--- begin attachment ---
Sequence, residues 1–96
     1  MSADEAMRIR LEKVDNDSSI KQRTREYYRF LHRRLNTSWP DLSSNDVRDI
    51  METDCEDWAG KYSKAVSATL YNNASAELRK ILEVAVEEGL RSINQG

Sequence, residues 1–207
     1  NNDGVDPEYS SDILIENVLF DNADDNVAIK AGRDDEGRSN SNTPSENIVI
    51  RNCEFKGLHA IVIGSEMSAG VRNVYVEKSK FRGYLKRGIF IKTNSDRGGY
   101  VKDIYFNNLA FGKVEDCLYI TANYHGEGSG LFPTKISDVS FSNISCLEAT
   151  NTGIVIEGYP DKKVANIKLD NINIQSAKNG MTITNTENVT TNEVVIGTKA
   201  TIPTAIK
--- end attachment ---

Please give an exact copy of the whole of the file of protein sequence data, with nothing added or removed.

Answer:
Sequence, residues 1–96
     1  MSADEAMRIR LEKVDNDSSI KQRTREYYRF LHRRLNTSWP DLSSNDVRDI
    51  METDCEDWAG KYSKAVSATL YNNASAELRK ILEVAVEEGL RSINQG

Sequence, residues 1–207
     1  NNDGVDPEYS SDILIENVLF DNADDNVAIK AGRDDEGRSN SNTPSENIVI
    51  RNCEFKGLHA IVIGSEMSAG VRNVYVEKSK FRGYLKRGIF IKTNSDRGGY
   101  VKDIYFNNLA FGKVEDCLYI TANYHGEGSG LFPTKISDVS FSNISCLEAT
   151  NTGIVIEGYP DKKVANIKLD NINIQSAKNG MTITNTENVT TNEVVIGTKA
   201  TIPTAIK